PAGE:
All data in RiskScape has a type. Types define the shape of the data that goes in and out of your models. RiskScape uses a set of built-in simple types to describe the data in a model. For example, we have simple types, such as:

  • integer (whole numbers), e.g. 1, -4

  • real numbers (floating point), e.g. 0.25454, -8464564564.2

  • text e.g. free form strings of text with no fixed length

  • geometry e.g. points, polygons, lines, etc


Each attribute in your input data can generally be described using a simple type.


A collection of attributes is called a struct in RiskScape. A struct is a complex type.

A struct is a way of keeping related data together. For example, all the attributes in your exposure-layer input data can be represented by a struct. Each attribute, or member, in the struct has a name and a type (a bit like a database schema).

For example, say we had a shapefile that contained the following building data:







-14.034, -171.611




-14.042, -171.501

Tourist Fale



-14.040, -171.661


Our model then reads this data into a struct called exposure. This exposure struct would contain the following attributes, or struct members: ID (integer type), Cons_Frame (text type), the_geom (geometry type), and Use_Cat (text type).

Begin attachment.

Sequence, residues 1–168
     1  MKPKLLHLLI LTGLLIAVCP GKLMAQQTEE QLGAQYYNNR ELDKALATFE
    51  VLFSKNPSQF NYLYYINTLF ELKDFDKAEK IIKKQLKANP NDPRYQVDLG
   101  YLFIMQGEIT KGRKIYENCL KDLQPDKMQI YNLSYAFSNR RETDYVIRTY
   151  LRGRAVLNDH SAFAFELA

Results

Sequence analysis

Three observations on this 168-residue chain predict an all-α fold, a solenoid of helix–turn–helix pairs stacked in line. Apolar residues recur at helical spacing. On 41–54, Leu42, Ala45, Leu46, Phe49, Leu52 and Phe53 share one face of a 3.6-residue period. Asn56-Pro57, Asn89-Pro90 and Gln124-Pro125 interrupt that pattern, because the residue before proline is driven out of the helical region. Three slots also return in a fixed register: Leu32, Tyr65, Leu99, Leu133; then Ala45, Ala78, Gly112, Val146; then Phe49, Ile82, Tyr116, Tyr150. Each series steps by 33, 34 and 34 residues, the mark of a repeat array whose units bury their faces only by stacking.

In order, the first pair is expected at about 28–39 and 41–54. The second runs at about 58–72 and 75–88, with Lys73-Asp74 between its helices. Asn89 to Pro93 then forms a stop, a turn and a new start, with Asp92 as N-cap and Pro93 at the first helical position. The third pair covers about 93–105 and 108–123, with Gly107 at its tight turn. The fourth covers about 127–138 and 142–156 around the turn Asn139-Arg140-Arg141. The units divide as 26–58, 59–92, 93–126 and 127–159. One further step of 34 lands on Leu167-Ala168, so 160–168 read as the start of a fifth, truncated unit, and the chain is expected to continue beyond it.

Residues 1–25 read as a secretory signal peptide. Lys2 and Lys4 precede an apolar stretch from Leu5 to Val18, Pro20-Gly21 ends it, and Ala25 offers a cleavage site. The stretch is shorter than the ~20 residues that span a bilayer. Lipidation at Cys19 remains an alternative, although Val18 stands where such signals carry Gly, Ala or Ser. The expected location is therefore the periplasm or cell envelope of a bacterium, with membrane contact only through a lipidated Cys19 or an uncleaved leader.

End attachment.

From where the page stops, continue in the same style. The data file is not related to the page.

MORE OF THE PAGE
This struct could be defined using the following type expression (more on this later):

struct(ID: integer, Cons_Frame: text, the_geom: geometry, Use_Cat: text)


If you are familiar with Pandas, a struct is similar to the dtypes in a Pandas Dataframe.

Special Types

There are a few types that have a special meaning in RiskScape, namely nullable and anything.

  • The nullable type is a way of saying that a value might be null, or not present. When used in a function, it can mean that a function argument is optional. Nullable always applies to another underlying type, e.g. nullable(floating).

    For example, the hazard intensity measure in a model is usually nullable. The element-at-risk may not actually be exposed to the hazard, and if not then there will be no corresponding hazard intensity measure.

  • The anything type is a way of saying that there must be a value, but it can be any value whatsoever. Anything can be used when the exact type is not clear.

    For example, the expression if_then_else(hazard > 0.25, 'Damaged', 0) could result in an integer (0), or it could result in a text string ('Damaged'). RiskScape cannot be certain, so the resulting type becomes anything.